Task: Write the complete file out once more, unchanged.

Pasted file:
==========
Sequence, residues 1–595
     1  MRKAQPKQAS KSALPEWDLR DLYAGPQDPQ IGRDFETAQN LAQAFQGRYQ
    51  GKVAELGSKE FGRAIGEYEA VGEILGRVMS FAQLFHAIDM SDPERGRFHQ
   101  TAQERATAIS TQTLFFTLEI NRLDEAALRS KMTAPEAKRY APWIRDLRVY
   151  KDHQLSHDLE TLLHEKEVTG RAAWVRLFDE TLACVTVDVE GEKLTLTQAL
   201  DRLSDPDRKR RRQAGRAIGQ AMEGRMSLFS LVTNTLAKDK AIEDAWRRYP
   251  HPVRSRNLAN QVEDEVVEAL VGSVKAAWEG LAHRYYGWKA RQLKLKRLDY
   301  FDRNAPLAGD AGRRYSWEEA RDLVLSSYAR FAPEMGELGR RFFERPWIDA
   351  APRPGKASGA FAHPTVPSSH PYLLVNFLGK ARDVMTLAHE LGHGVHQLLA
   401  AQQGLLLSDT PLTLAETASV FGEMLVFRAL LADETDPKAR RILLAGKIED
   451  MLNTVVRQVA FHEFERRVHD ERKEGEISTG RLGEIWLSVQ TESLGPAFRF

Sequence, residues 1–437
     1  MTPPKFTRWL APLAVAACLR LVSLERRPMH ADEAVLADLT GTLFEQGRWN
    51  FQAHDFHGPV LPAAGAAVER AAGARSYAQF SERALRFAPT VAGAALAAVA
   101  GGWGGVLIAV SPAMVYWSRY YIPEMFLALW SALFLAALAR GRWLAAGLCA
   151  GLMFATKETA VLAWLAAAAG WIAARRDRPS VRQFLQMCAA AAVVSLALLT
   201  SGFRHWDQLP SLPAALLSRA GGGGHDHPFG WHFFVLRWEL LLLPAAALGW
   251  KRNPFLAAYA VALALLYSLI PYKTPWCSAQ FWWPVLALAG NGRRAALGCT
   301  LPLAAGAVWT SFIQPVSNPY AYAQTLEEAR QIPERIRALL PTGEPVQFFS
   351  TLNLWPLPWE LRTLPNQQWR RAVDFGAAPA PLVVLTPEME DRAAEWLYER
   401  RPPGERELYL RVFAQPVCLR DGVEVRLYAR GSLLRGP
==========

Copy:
Sequence, residues 1–595
     1  MRKAQPKQAS KSALPEWDLR DLYAGPQDPQ IGRDFETAQN LAQAFQGRYQ
    51  GKVAELGSKE FGRAIGEYEA VGEILGRVMS FAQLFHAIDM SDPERGRFHQ
   101  TAQERATAIS TQTLFFTLEI NRLDEAALRS KMTAPEAKRY APWIRDLRVY
   151  KDHQLSHDLE TLLHEKEVTG RAAWVRLFDE TLACVTVDVE GEKLTLTQAL
   201  DRLSDPDRKR RRQAGRAIGQ AMEGRMSLFS LVTNTLAKDK AIEDAWRRYP
   251  HPVRSRNLAN QVEDEVVEAL VGSVKAAWEG LAHRYYGWKA RQLKLKRLDY
   301  FDRNAPLAGD AGRRYSWEEA RDLVLSSYAR FAPEMGELGR RFFERPWIDA
   351  APRPGKASGA FAHPTVPSSH PYLLVNFLGK ARDVMTLAHE LGHGVHQLLA
   401  AQQGLLLSDT PLTLAETASV FGEMLVFRAL LADETDPKAR RILLAGKIED
   451  MLNTVVRQVA FHEFERRVHD ERKEGEISTG RLGEIWLSVQ TESLGPAFRF

Sequence, residues 1–437
     1  MTPPKFTRWL APLAVAACLR LVSLERRPMH ADEAVLADLT GTLFEQGRWN
    51  FQAHDFHGPV LPAAGAAVER AAGARSYAQF SERALRFAPT VAGAALAAVA
   101  GGWGGVLIAV SPAMVYWSRY YIPEMFLALW SALFLAALAR GRWLAAGLCA
   151  GLMFATKETA VLAWLAAAAG WIAARRDRPS VRQFLQMCAA AAVVSLALLT
   201  SGFRHWDQLP SLPAALLSRA GGGGHDHPFG WHFFVLRWEL LLLPAAALGW
   251  KRNPFLAAYA VALALLYSLI PYKTPWCSAQ FWWPVLALAG NGRRAALGCT
   301  LPLAAGAVWT SFIQPVSNPY AYAQTLEEAR QIPERIRALL PTGEPVQFFS
   351  TLNLWPLPWE LRTLPNQQWR RAVDFGAAPA PLVVLTPEME DRAAEWLYER
   401  RPPGERELYL RVFAQPVCLR DGVEVRLYAR GSLLRGP